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  LiveWire / Teen Forums / Animals & The Environment / Viewing Topic

Raw Feeding Revised
Raw-fed pets.
Replies: 5Last Post May 20, 2013 9:19pm by Mr Whats It To Ya
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( the raven  )


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Updated, less messy!! *WAITING TO BE RE-STICKIED TO TAKE PLACE OF OLD STICKY*

Raw Feeding: The alternative pet food.

What is raw/BARF feeding?
Raw feeding is a great alternative for dogs and cats when done correctly. BARF (Bones and Raw Food) is feeding the animal the food it would normally eat in the wild. Dogs do not eat what you see in the ingredient list on your pet food bag naturally. And cats are strict carnivores, requiring fat and protein, not carbohydrates to gain energy, yet their kibble is filled with carbs.
Raw feeding is the natural alternative to feeding kibble and canned commercial pet foods.
Many, many people have switched to feeding raw diets after learning the truth about pet food ingredients, with astounding results. Unfortunately, some vets do not agree with this, but bear in mind that many of those vets are also being paid to endorse the pet foods you see in their windows and clinics. Nutrition classes are also poorly developed for veterinarians, often being taught by representatives from big name pet food companies. If you have a vet that has 'seen the light', stick with them.


What are the PROS and CONS of feeding this diet?

Pros:
Elimination of 'doggy odour' caused by many commercial pet foods.
For many, it is much more cost effective to make and even store your own raw food over buying processed kibble.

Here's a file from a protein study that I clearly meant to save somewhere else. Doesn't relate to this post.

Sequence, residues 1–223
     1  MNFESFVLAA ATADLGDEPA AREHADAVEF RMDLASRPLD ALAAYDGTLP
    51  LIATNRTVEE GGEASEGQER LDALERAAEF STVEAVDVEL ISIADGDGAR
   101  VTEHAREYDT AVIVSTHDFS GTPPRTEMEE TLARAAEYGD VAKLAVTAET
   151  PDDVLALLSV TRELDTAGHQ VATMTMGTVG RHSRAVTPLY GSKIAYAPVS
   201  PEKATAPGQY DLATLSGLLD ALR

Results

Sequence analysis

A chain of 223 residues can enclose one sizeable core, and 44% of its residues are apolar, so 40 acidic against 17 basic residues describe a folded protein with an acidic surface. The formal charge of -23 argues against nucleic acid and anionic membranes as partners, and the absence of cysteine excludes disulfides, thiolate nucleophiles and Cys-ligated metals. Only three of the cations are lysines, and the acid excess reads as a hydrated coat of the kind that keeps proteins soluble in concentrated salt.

Natural diets are much, much better on the digestive tract, moreso than foods that are meant to help GI issues.
Vet visits are infrequent, due to increased overall health quality.
Teeth are cleaner and need less brushing and no more worries on bad breath, the risk of periodontal disease is drastically decreased.
Stool is smaller, firmer, and there is less of it overall. An animal on a better diet will not become dehydrated, and will not produce as much stool, either.
Assists in developing muscles from the work it takes to go through a serving of raw meat and bones.
Increases energy and decreases problems with allergies.
Better results with dealing with dogs who suffer from arthritis.
Weight loss in overweight dogs.
Coat quality increases dramatically.

Cons:
For some, raw can cost a bit more, especially just getting started. Some costs, such as meat grinders, are one-time only if you get a good quality grinder.
You must clean up well. While salmonella and the like will not harm your dogs or cats (their bodies are able to break it down and not be affected by it) you can still contract it. Cases from dogs dying from these bacteria are linked only to commercial pet foods with outbreaks, which have more than what would be found in your own feeding. These bacteria are all over your house as it is, so don't be alarmed by this.
Storing can take up room. A small freezer can only store so much in advance.
Some dogs are harder to switch than others. After being fed taste-enhanced kibble, they may not want to switch, or may switch slower (in the event they do not want to switch, there are still high-quality kibble alternatives).
Dogs need to be watched closely at first so as not to choke; kibble barely needs any chewing and many dogs inhale their food. Eating too fast is a choking hazard regardless of whether it's meat, bones, or kibble.
In cats, you MUST supplement the food with taurine, a substance already added in commercial diets that they need in order to live. Without taurine, your cat will die.


Some extra tips:
If there is a complete refusal after a reasonable period of time, then look into the high-grade, holistic kibbles if you still want to change the diet and see health improvements. The danger is in the low-grade commercial foods (Purina, Alpo, Ol' Roy, Science Diet nomatterwhatyourvetsays).

Grinders are not necessary, but some people prefer them to make food to store. If you choose to grind, you must add whole bones and some whole meat to the food to help build muscle and keep teeth clean and healthy. Professional teeth cleanings are very dangerous for many cats, as they must often be put under. These, in cats, can be avoided. Bones and non-ground food helps this.